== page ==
4 Things Every Family Photographer Should Know

4 Things Every Family Photographer Should Know

Being a family photographer is hard. Ask anyone who does it or who has tried it. But it's also one of the most rewarding fields of photography - in my opinion at least. Family photos are a treasure in most families. They showcase who your loved ones were at the time they were taken, they show off your kids' personalities, and most importantly, they bring to life memories of loved ones that have passed. These tips I've explained within will help elevate your family photography to a new level.

I will never forget the first time I took a family's portraits. I was still new in the photography world and the images didn't turn out the best, but the next week I was scrolling through a local news website and saw one of those images as a thumbnail for an article. The family I photographed was involved in a car accident and the youngest child had passed away. I vowed then and there that I would make sure that if my images were the last ones a family ever received, they would be proud of them. My point is to never under estimate the value of an image. I hope these tips will help you be proud of the images you take.

Pictures Are Stressful for Your Clients

If you have ever tried getting your family ready for photos, you know what I'm talking about. If not, imagine trying to find outfits for your whole family that match, and that everyone likes. Then imagine getting your toddlers dressed, getting their hair done, making sure they don't mess anything up, or spill anything on their clothes. Then it's picture time and the whole while you are worried about how you look, if your child is looking in the right direction (let alone smiling), and if the photographer knows what they are doing. The whole process is a headache. Your job as the photographer is to make the actual shoot as pain-free and as fun as possible. There are many ways to do this, but my personal favorite is to use humor. If I can get the parents to relax and have fun, the children usually follow suit. Another way to relieve the parents' stress is let them know their job is over. They got the family ready and to wherever the session is, but the rest is up to you. Don't be afraid to ask questions and have conversations between poses. Get to know the family. Who are they? What do they enjoy? Knowing these key points will not only take their mind off the stress of having pictures taken, but it will give you a better idea on how to pose them. If you can end the session with the family feeling like they have been hanging out with a friend, you've done your job!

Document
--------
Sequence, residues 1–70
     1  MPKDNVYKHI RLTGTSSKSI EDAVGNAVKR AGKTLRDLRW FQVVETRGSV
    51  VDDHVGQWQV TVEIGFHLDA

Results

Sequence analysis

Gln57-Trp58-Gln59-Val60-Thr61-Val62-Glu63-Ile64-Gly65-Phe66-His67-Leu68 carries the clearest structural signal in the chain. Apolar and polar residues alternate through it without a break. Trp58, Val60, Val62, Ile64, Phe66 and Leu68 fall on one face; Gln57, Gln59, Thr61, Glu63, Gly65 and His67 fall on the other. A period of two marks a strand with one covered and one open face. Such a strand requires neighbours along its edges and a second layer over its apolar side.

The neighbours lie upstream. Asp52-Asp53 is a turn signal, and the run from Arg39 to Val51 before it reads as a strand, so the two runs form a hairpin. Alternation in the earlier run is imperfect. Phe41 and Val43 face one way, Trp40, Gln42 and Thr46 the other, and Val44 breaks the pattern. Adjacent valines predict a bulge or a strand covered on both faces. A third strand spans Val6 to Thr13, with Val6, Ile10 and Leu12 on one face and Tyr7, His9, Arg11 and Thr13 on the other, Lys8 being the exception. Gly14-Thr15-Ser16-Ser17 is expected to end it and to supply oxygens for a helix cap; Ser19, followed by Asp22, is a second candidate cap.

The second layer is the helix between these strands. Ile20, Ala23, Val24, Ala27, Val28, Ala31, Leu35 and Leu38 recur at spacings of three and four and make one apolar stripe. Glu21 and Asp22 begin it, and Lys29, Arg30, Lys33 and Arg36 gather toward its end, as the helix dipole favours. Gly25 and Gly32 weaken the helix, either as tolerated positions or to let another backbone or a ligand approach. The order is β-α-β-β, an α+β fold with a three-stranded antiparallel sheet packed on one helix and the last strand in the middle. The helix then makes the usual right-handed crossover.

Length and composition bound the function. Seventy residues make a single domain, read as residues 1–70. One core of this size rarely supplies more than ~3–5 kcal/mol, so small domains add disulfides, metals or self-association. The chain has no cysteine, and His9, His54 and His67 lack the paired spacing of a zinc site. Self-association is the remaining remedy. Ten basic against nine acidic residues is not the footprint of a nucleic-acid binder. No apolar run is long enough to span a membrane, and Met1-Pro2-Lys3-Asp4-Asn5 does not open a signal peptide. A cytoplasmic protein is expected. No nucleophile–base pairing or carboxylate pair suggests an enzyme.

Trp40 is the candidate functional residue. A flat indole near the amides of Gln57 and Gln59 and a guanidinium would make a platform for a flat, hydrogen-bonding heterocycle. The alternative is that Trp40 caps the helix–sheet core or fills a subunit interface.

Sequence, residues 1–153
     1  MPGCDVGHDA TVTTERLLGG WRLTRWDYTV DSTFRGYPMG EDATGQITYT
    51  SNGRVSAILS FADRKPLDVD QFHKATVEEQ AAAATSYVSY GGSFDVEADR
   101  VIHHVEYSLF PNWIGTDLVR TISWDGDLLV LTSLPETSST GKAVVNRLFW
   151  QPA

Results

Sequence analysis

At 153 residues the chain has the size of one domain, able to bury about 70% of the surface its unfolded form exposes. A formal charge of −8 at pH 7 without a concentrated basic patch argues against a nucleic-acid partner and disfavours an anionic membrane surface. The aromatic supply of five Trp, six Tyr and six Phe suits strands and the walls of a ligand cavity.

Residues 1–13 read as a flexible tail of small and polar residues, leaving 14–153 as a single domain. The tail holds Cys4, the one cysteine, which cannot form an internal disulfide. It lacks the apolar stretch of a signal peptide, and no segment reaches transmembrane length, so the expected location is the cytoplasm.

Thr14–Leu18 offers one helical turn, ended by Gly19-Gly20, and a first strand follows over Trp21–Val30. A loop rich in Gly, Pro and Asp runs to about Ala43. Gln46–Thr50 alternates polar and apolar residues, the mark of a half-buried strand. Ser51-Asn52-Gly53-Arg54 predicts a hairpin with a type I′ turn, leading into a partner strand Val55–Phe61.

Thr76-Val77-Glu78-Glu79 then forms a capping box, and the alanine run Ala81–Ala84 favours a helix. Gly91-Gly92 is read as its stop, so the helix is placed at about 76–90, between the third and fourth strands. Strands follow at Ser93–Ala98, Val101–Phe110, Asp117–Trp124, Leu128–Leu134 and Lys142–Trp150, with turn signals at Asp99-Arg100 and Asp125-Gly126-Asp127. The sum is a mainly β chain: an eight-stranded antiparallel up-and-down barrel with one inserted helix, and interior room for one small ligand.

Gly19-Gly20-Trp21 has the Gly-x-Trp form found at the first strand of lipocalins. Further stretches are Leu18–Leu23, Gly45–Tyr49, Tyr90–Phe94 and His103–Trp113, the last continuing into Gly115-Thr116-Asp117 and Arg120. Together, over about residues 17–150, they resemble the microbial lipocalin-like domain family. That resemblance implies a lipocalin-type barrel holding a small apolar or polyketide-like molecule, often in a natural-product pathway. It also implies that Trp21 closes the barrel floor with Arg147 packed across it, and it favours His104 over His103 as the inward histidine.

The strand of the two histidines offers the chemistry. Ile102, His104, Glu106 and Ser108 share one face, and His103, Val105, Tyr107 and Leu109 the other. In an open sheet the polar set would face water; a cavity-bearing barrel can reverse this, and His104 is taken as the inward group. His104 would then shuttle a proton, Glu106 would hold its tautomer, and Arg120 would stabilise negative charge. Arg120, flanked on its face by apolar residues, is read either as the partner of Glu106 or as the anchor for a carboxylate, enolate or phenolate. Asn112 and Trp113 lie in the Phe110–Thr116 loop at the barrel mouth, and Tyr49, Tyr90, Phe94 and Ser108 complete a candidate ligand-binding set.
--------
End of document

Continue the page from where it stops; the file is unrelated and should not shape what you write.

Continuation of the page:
This family drove from Ohio to Utah to have their photos taken.


This family drove down from Ohio to have their photos taken. Rachel, the mom here, was super stressed out, especially because her husband forgot to pack his shoes for pictures. The kids were feeding off her stress and were very stiff, so I had to work super hard to get the whole family to relax and have a good time. In the end, we pulled it off and everyone looked great!

You Have to Earn Their Trust

This is arguably one of the most important aspects of taking good family portraits. If the family doesn't trust you, they won't feel comfortable in your poses, and it will reflect so in the images. Gaining trust in a portrait session is something that should be done before you even meet your clients. They should gain trust in you by seeing the work in your portfolio and on your social media, in customer reviews online and through word-of-mouth, as well as one-on-one when you talk with them about their session. Gaining trust during the actual photo shoot is something that may take some time to perfect. The biggest tip I have is to be confident in all that you do: from posing, to choosing locations, to getting the right expressions, it's key to do it all with an approachable poise. That confidence will show through to the family, breaking down any walls and allowing you to get the best out of them. One quick and easy way to gain some trust is to show the family some images on the back of your camera. I know some people are against this and think it's tacky, but if a family is having a hard time trusting you, keeping the photos a mystery will make the whole session extremely difficult. Sometimes you need to gain some additional trust, and often that's easily accomplished by just showing off a few solid images.